Gibberish Questions: Players are given a nonsensical phrase that rhymes with a more common phrase or title. (For example, “Pre-empt Tires, Like Crack” could be the gibberish to “The Empire Strikes Back”.) The first player to buzz in and type the correct answer wins the money. Clues are given as time passes, but the amount of money the player can win decreases with the amount of time that elapses.

In multiplayer games, players also have the option to “screw” their opponents — in other words, force them into answering a question you assume they don’t know the answer to so that they lose money when they answer incorrectly. Harder questions have higher cash values, so screwing your opponent when a $6,000 question is on the table is always a pretty good idea as they’ll end up losing exactly that amount if they get the question wrong.

Anyway, I told you all that so I could tell you this: The Ride takes the best bits of the other YDKJ games and manages to combine it with a darker, more cynical sense of humor (you will be mocked not just when you answer incorrectly, but when you type in your name, when you answer the initial question to determine which floor of Hell you land on, and even when you answer too many questions correctly in a row) and much faster pacing. 

For example: the 7 or 21 question rounds are done away with on your very first run through the game; whichever option you choose turns into a 13 question round from the beginning until the end of the game.

Also, instead of choosing the category of your next question from three possibilities as you could in all the other YDKJ titles, you choose the general theme of an entire round by way of answering an initial personality question before starting your game. For instance, after entering your name and deciding your round length, you might be asked, “An enormous fire erupts in a mall. You only have time to save one store from destruction: which do you save, Blockbuster Video or Barnes and Noble?” Answering Blockbuster will result in movie-based questions, while answering Barnes and Noble will give you a more literary-themed round of trivia questions.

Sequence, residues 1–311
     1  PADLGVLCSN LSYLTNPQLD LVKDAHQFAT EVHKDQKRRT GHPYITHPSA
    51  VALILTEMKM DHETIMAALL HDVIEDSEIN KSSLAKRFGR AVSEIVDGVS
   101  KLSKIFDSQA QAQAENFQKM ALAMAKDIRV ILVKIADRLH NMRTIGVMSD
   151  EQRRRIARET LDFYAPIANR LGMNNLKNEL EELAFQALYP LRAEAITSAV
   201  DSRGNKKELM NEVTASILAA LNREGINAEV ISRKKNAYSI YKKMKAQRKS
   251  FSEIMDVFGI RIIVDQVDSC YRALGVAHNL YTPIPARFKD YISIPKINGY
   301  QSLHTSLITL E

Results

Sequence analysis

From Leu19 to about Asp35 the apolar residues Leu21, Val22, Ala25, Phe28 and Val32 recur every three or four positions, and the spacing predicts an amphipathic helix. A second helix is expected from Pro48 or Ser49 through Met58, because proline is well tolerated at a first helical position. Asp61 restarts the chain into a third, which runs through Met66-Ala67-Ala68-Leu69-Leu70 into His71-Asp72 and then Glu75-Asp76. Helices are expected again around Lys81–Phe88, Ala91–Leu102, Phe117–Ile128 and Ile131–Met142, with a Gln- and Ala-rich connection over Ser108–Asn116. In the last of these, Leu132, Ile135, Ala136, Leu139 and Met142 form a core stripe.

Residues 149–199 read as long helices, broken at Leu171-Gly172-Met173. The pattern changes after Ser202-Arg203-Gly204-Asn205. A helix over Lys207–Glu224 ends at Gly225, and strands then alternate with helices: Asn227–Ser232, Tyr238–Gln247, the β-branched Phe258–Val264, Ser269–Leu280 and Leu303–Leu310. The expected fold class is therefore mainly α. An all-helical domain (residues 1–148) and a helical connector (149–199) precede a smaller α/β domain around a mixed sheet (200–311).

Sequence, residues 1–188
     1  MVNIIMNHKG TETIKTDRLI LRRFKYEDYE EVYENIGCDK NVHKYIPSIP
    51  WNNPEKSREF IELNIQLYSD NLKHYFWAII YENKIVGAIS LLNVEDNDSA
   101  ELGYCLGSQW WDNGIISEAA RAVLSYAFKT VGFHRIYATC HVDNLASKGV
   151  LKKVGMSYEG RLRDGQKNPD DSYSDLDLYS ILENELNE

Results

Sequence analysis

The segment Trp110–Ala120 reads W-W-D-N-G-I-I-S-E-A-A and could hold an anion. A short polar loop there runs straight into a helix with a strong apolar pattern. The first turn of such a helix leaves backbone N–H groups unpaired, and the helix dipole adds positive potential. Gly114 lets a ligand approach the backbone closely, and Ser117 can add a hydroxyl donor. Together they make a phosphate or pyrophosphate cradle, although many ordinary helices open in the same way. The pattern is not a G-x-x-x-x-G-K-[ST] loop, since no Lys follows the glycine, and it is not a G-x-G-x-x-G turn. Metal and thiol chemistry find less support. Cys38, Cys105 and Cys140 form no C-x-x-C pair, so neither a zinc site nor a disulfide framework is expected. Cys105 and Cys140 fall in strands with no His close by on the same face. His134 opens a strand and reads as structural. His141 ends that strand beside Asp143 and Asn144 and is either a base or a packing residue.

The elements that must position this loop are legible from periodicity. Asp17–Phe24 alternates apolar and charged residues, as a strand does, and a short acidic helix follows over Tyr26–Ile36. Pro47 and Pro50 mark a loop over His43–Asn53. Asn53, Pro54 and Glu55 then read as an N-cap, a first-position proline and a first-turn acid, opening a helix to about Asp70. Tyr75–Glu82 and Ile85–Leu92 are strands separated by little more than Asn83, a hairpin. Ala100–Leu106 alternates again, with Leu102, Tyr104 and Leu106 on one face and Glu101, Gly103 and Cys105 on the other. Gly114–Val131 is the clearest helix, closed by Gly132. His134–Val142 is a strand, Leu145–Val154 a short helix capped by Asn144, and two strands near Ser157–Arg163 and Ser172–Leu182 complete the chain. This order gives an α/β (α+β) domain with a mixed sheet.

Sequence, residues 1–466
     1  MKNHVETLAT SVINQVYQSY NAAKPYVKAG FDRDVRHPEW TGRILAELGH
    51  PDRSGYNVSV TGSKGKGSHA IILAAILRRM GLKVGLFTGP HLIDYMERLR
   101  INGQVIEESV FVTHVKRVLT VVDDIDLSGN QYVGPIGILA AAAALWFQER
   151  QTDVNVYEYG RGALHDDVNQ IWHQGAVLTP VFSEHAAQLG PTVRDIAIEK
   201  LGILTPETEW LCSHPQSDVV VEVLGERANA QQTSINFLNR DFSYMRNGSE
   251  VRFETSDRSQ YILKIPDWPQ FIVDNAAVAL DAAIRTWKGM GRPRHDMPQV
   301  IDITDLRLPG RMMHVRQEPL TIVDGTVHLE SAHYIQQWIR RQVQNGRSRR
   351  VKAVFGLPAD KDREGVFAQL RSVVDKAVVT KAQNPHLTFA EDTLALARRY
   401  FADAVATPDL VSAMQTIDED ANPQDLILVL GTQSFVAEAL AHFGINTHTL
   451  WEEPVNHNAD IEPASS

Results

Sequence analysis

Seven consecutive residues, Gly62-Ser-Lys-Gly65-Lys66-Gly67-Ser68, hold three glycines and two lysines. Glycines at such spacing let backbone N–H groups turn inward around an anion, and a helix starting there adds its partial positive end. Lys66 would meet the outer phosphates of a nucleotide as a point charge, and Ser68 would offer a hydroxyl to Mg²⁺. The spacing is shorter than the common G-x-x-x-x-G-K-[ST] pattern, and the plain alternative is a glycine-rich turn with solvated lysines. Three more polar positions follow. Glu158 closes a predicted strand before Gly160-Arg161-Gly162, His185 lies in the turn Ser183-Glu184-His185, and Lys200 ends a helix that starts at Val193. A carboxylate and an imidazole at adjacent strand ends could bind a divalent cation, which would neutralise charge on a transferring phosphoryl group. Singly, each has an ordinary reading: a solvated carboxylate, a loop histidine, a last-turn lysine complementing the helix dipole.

Placing the category choice at the beginning of the game not only makes the game go faster (as you won’t spend unnecessary time choosing your next category after every single damned trivia question), but gives a greater sense of cohesion to each round of play. Instead of feeling like a collection of totally random trivia questions, The Ride‘s rounds feel deliberately structured, and almost episodic in their nature. One round will focus on the subject of death, another on dairy products — you never know what you’re going to get, but it’ll always be an interesting and detailed look at a very specific topic.

Since the category is chosen early on, the dollar values of the specific questions themselves are chosen by the player in a twitch-reflex minigame: numerous dollar values quickly scroll past the screen, and hitting your buzzer at the right time locks a particular cash amount for a particular question. This adds a significant element of chance and tension to the game, as difficulty and point value are no longer related — a game can go either way based solely on how quick a player’s trigger finger is.